As bitcoin becomes increasingly popular, some are starting to ask: should trustees of trusts invest a portion of trust assets in bitcoin? There are very strong reasons why they should not. As I explain below, investing in bitcoin, in most circumstances, could put a trustee at risk of violating the Uniform Prudent Investor Act.
First some background: for those unfamiliar with bitcoin, Wikipedia provides a helpful overview:
Bitcoin is an online payment system invented by Satoshi Nakamoto, who published his invention in 2008, and released it as open-source software in 2009. The system is peer-to-peer; users can transact directly without needing an intermediary. Transactions are verified by network nodes and recorded in a public distributed ledger called the block chain. The ledger uses its own unit of account, also called bitcoin. The system works without a central repository or single administrator, which has led the US Treasury to categorize it as a decentralized virtual currency. Bitcoin is often called the first cryptocurrency, although prior proposals existed. Bitcoin is more correctly described as the first decentralized digital currency. It is the largest of its kind in terms of total market value.
Bitcoin supporters point to numerous benefits that they claim bitcoin provides to consumers and society, including its low inflation risk, its ease of carrying (through digital means), its low transaction costs, and its freedom from governmental regulation (although to detractors, this final point is a significant downside). While there are certainly some upsides to bitcoin, and it appears likely that it will grow more popular in the future, there are sufficiently strong downsides that trustees should avoid bitcoin as a trust investment.
First, bitcoin is not issued by a central governmental authority that can guarantee payment at face value. Rather, the bitcoin owner bears the burden of having to liquidate bitcoins to a national currency. As a corollary, bitcoin exchanges and accounts are not insured by any type of federal or government program, leaving investors exposed in the event of a collapse or failure of a bitcoin exchange (for example, last year, one of the largest bitcoin exchanges, Mt. Gox, was forced to file bankruptcy due to technical problems and stolen bitcoins).
Second, the market value of bitcoins has fluctuated wildly in recent years (with reports stating that the largest one-day price drop in 2014 was around 80%). Third, with bitcoin being a relatively novel phenomenon, it’s possible that a competing virtual currency will gain larger market share, thereby reducing the demand for (and value of) bitcoins.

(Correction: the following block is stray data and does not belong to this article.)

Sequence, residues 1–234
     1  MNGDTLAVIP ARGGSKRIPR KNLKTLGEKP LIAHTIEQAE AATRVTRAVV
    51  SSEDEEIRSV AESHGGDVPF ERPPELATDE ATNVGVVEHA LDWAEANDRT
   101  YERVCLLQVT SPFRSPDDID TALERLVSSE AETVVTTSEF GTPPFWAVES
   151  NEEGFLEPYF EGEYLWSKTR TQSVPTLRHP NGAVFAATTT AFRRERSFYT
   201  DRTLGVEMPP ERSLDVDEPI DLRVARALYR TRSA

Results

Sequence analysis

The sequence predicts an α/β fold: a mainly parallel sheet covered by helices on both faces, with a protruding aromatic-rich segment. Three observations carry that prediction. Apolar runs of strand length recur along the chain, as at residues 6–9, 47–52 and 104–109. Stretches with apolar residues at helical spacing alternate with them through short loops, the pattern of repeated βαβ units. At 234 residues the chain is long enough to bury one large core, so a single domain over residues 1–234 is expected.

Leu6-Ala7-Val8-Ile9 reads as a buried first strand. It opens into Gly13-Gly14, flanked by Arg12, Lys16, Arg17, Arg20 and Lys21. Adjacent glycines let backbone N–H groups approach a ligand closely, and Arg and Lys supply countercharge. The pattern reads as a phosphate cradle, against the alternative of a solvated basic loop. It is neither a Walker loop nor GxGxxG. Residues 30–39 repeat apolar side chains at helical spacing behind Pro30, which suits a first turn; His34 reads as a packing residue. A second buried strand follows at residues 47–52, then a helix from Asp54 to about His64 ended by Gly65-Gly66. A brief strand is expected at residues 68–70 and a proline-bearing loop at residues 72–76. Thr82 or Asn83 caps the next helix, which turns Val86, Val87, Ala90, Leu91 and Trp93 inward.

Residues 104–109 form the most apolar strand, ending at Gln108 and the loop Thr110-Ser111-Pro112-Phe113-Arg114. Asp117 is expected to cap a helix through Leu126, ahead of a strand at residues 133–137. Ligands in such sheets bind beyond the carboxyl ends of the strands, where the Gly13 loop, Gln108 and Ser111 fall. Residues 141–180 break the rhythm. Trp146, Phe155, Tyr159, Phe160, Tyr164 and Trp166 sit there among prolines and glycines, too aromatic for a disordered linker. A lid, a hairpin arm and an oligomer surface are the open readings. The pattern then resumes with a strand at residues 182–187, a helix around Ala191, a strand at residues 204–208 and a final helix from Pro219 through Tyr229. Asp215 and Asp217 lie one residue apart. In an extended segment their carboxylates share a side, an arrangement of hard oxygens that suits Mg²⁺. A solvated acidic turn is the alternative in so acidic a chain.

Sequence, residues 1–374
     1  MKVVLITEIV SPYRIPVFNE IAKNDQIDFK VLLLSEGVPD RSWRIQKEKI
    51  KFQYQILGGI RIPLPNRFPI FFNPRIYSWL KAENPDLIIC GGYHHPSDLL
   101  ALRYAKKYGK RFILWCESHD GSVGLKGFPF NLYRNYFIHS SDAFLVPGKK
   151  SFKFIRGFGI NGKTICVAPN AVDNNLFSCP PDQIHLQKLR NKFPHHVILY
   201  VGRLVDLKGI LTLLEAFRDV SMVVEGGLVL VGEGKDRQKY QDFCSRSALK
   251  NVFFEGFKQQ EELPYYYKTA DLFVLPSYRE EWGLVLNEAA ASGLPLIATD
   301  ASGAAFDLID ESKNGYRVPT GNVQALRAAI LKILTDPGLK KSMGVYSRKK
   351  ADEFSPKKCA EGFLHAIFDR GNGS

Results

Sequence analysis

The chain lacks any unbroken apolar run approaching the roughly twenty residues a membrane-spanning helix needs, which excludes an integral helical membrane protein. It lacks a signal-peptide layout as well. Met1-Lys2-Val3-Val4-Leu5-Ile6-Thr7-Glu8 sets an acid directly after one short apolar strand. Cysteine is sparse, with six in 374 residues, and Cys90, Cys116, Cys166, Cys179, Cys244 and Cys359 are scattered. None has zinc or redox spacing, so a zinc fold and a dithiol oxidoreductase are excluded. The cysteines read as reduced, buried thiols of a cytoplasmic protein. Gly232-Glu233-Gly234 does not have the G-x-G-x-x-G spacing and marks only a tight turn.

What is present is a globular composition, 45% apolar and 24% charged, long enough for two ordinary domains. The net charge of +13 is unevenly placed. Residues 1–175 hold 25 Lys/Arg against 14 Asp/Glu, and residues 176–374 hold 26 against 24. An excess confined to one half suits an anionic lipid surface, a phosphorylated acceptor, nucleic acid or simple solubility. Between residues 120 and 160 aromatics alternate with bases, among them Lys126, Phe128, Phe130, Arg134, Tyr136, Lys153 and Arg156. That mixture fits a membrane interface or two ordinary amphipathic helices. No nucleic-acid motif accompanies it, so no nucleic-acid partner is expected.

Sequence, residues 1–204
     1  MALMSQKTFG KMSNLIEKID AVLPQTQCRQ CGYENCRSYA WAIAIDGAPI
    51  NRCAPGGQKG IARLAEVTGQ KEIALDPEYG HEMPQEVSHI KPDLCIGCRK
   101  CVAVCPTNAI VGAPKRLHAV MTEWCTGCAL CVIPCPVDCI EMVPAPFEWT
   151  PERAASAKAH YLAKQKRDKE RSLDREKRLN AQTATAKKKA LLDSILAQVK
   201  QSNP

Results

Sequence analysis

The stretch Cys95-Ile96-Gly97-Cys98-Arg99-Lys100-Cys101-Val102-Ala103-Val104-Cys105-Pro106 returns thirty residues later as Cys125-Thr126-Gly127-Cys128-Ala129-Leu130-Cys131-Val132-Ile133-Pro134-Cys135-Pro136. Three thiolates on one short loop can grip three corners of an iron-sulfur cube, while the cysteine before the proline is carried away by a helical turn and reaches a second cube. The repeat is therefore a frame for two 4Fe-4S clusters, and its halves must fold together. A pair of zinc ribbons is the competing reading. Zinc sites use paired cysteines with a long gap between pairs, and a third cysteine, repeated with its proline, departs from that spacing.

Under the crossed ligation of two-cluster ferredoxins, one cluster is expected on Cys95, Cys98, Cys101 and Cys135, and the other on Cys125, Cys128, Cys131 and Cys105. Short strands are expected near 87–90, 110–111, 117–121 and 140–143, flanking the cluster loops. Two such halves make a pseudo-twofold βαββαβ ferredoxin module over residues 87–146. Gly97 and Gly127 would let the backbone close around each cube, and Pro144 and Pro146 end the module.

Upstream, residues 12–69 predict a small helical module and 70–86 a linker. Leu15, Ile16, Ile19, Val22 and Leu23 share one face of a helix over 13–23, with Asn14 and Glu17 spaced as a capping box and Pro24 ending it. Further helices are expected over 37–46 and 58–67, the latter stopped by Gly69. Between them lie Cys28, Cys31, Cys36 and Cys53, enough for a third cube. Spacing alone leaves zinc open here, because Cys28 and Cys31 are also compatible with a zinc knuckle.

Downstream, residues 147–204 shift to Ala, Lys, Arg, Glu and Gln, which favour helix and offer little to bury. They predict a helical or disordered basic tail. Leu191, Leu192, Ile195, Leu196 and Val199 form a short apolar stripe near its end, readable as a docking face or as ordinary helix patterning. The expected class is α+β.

So what’s a trustee to do? First, understand the laws of your state governing the investment duties of trustees. Most states have adopted the Uniform Prudent Investor Act, or a modified version of it. Under Virginia law, unless a trust provides otherwise (or in certain other narrow circumstances), a trustee is required to:
“invest and manage trust assets as a prudent investor would, by considering the purposes, terms, distribution requirements, and other circumstances of the trust. In satisfying this standard, the trustee shall exercise reasonable care, skill, and caution.”
VA Code § 64.2-782(A).
The Uniform Prudent Investor Act has adopted the assumptions of modern portfolio theory, in providing that:
“a trustee’s investment and management decisions respecting individual assets shall be evaluated not in isolation but in the context of the trust portfolio as a whole and as a part of an overall investment strategy having risk and return objectives reasonably suited to the trust.”
VA Code § 64.2-782(B).
Virginia law, like the law in most states, provides standards that a trustee should consider in investing and managing trust assets, such as general economic conditions, the possible effect of inflation or deflation, the expected total return from income and the appreciation of capital, etc.
In light of the standards contained in the Uniform Prudent Investor Act, and the history of bitcoin, it would be exceptionally difficult for an attorney to advance a winning argument that an investment in bitcoin would constitute a prudent trust investment. Therefore, trustees should steer clear of bitcoin for the near future.
If bitcoin develops in the future such that its value shows signs of marked periods of stabilization (coupled with a steady increase in value), its exchanges do not fall victim to hacking or fraud, and increasing numbers of merchants and individuals adopt its usage, it’s possible that one could make a more plausible argument that a proportionally small investment in bitcoin may constitute a prudent investment under the standards of the Uniform Prudent Investor Act. However, I think that day is far off. For the near future, trustees would be well advised to entirely avoid bitcoin, and leave their bitcoin investment urges to the sphere of their own personal investment adventures.